Monday, January 14, 2013
Headline of the day:
At Politico: GOP looks for ways to stop the rape comments
Yes, that might help with the party's image.
Monday, January 07, 2013
Bob Sehieffer doesn't understand what's going on in Washington D.C.:
Which is why he hosts Face the Nation.
On Sunday, January 6, there was this exchange: (emp add)
Somewhat later there was Bob's opinion segment where he lamented the friendly relations between Ronald Reagan and Tip O'Neill, among others.
SCHIEFFER: Well, let me tell you, here are the big dates that are coming. End of February, congress has to raise the debt ceiling to keep the country from going into default, as you say. On March 1, those draconian cuts in social programs and defense program goes into effect, unless you do something to put it off.
PELOSI: Unless we do something, yeah.
SCHIEFFER: And then on March 27, the government basically runs out of money. Why can't the congress solve these problems before we get up to those deadlines? Why do we go through this kind of exercise that embarrasses everyone?
PELOSI: Well, you ask the Republicans because we always passed the debt ceiling when President Bush was president...
SCHIEFFER: What has happened to Washington?
PELOSI: I don't know.
SCHIEFFER: It simply did not used to be this way.
PELOSI: Absolutely not, no.
SCHIEFFER: What do you think is wrong here? What happened? And what needs to happen?
It's as if Schieffer is unaware of Mann and Ornstein's book ("It's Even Worse Than It Looks") detailing the radical rejectionism of Republicans in the last half-decade (at least).
Howard Kurtz is aware of the book, but he played the innocent in an interview this same weekend. It was one of the very few times the duo have been invited to news programs since their book came out half a year ago.
Tuesday, January 01, 2013
The proposed estate tax:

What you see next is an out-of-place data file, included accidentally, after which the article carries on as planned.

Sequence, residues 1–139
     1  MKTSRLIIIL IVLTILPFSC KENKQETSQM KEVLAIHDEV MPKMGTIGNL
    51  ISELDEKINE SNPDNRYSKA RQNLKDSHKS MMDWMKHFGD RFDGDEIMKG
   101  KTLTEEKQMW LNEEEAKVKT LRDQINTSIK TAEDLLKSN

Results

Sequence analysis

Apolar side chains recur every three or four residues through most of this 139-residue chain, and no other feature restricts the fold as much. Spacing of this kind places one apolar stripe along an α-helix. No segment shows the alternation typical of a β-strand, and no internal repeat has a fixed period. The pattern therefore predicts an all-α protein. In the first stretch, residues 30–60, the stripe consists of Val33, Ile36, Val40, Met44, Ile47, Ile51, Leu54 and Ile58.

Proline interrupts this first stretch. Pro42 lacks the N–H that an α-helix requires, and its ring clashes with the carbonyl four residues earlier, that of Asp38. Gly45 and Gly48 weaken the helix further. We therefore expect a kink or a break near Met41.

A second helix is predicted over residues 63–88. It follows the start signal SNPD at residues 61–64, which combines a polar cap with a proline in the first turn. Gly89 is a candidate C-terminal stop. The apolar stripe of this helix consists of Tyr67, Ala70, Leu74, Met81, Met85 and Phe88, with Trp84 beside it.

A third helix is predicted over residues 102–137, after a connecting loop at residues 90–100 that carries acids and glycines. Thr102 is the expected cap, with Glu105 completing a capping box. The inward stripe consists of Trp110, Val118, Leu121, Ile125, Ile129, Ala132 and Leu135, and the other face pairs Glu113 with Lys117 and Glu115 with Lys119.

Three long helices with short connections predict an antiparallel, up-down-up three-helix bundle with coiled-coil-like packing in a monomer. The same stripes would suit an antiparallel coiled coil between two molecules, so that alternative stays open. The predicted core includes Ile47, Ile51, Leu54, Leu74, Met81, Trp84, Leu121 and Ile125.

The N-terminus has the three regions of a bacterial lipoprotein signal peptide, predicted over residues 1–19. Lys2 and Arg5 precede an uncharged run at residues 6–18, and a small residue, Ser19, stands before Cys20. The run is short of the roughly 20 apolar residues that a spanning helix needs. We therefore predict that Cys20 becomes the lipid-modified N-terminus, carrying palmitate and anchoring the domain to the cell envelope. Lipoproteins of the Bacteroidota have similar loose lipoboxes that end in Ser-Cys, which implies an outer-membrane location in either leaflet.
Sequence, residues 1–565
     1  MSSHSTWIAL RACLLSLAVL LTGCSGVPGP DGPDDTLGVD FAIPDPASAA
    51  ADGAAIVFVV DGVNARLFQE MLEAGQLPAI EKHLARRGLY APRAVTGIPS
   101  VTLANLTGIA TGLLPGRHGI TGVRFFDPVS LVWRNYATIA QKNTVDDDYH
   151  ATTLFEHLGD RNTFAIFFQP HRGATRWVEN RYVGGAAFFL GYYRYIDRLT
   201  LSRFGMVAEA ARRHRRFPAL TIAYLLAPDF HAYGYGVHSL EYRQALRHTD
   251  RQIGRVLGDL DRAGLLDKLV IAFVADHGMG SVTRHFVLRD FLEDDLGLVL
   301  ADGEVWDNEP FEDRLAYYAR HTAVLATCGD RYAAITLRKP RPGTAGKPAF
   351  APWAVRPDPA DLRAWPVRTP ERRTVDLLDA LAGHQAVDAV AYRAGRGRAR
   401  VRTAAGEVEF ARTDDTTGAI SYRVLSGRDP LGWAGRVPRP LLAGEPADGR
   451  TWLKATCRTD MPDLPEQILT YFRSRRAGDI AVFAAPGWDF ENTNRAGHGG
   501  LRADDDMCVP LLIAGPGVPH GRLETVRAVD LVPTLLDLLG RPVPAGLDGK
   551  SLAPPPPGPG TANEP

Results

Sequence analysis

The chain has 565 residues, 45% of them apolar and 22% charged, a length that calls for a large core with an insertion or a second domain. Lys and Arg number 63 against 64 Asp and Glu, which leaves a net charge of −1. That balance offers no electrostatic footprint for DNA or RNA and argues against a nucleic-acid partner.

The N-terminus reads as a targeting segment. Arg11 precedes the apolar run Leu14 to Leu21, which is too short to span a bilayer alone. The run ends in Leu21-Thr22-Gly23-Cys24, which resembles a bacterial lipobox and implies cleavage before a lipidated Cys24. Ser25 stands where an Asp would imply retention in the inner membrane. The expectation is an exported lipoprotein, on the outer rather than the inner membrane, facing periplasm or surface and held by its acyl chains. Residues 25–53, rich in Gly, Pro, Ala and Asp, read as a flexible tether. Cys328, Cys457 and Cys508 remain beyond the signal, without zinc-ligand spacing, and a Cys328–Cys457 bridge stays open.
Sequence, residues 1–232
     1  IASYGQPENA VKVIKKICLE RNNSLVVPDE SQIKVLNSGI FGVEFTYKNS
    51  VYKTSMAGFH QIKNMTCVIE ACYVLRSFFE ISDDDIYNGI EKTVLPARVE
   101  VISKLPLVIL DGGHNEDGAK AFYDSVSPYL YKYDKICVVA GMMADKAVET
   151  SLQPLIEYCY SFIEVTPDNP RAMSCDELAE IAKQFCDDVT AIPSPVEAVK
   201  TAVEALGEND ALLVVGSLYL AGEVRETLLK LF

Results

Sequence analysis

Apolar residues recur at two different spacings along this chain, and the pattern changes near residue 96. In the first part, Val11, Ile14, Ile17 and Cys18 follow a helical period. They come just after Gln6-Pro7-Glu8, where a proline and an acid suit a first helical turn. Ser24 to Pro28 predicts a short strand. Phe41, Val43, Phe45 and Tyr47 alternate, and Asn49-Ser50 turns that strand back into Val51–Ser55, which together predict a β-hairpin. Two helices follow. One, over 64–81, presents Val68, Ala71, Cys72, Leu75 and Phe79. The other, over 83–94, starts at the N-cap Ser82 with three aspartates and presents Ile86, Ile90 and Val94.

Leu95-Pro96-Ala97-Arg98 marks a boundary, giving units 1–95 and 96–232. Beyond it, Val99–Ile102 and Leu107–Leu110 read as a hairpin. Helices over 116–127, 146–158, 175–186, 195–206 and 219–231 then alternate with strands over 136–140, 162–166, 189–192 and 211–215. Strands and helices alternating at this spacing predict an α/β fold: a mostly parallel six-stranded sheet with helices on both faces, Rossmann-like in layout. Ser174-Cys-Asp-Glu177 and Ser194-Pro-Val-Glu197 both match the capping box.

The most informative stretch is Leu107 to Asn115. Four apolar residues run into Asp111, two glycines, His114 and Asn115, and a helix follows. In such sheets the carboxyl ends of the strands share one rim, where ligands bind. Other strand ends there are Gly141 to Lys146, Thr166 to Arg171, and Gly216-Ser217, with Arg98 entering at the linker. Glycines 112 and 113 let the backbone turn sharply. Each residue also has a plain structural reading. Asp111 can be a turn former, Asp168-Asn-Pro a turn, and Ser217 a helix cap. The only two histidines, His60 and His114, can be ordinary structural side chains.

During the Bush years the estate tax was 45+% with an exclusion of around $2 million. Now Obama claims a win with a 40% rate and exclusion of $5 million. How? By saying that the rate goes up from 35%.
But the 35% was Obama's policy when he agreed to a two-year extension of the Bush cuts in late 2010. So we are actually seeing the estate tax raised from Obama's low number. The "Bush rate" was always 45% or greater (excepting 2010 when there was no estate tax).
Talk about negotiating with yourself.
• Raises tax rates on the wealthiest estates: The agreement raises the tax rate on the wealthiest estates – worth upwards of $5 million per person – from 35 percent to 40 percent, in contrast to Republican proposals to continue the current estate tax levels.
Taking today's story and replacing some elements, you might have a story from the future.
Vice President Biden's principal argument to Democrats on Monday night appeared to be that this deal was the best that could be negotiated on a bipartisan basis and that while it might not be popular, it was better than hitting the debt ceiling.
Coming out of the meeting with the vice president late Monday night, many Senate Democrats conceded they were displeased with aspects of the deal but agreed with the vice president's larger point.
"The disagreement on this provision and that provision and other provisions are large and wide, but the number of people who believe that we should hit the debt ceiling rather than vote for this is very small," said Sen. Chuck Schumer (D-N.Y.). "It's not that this proposal is regarded as great or is loved in any way, but it's regarded as better than hitting the debt ceiling."
Contrast with this:
Which will it be?
To sell Senate Democrats on a controversial plan the White House negotiated with Senate Republicans to avoid the fiscal cliff, Vice President Joe Biden had to repeatedly reassure frustrated members of his own party Monday night that President Obama and Democratic leaders will not negotiate with the GOP to raise the debt ceiling in February or March.
“We also talked about something I feel strongly about is that we should tell the Republicans on debt ceiling we are not negotiating any political agenda in return for raising the debt ceiling,” Sen. Chuck Schumer (D-NY) told reporters in the Capitol after a long Democratic caucus meeting during which Biden pitched his deal. “That if they start doing that, we’re saying, ‘We’re not discussing it. … If you want to let the debt ceiling lapse, and we don’t pay our bills, that’s on your shoulders. We’re not negotiating cuts, revenues or anything else for the debt ceiling. That should just be done automatically. Don’t come and tie the two together because we’re not going to talk to you about that.’”